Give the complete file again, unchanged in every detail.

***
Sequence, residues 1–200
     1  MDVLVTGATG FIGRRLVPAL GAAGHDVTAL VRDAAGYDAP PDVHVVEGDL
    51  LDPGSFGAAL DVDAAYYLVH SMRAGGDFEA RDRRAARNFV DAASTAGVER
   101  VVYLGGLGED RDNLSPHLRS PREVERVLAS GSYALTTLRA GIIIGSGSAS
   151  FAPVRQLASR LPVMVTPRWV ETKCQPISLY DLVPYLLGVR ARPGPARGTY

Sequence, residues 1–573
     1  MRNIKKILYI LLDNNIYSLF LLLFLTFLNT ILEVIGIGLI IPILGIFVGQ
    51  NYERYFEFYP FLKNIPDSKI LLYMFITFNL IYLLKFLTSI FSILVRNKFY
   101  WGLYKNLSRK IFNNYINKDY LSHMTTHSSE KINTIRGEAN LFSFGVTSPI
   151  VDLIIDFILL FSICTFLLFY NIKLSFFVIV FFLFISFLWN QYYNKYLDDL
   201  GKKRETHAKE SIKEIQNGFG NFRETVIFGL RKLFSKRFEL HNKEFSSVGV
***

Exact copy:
Sequence, residues 1–200
     1  MDVLVTGATG FIGRRLVPAL GAAGHDVTAL VRDAAGYDAP PDVHVVEGDL
    51  LDPGSFGAAL DVDAAYYLVH SMRAGGDFEA RDRRAARNFV DAASTAGVER
   101  VVYLGGLGED RDNLSPHLRS PREVERVLAS GSYALTTLRA GIIIGSGSAS
   151  FAPVRQLASR LPVMVTPRWV ETKCQPISLY DLVPYLLGVR ARPGPARGTY

Sequence, residues 1–573
     1  MRNIKKILYI LLDNNIYSLF LLLFLTFLNT ILEVIGIGLI IPILGIFVGQ
    51  NYERYFEFYP FLKNIPDSKI LLYMFITFNL IYLLKFLTSI FSILVRNKFY
   101  WGLYKNLSRK IFNNYINKDY LSHMTTHSSE KINTIRGEAN LFSFGVTSPI
   151  VDLIIDFILL FSICTFLLFY NIKLSFFVIV FFLFISFLWN QYYNKYLDDL
   201  GKKRETHAKE SIKEIQNGFG NFRETVIFGL RKLFSKRFEL HNKEFSSVGV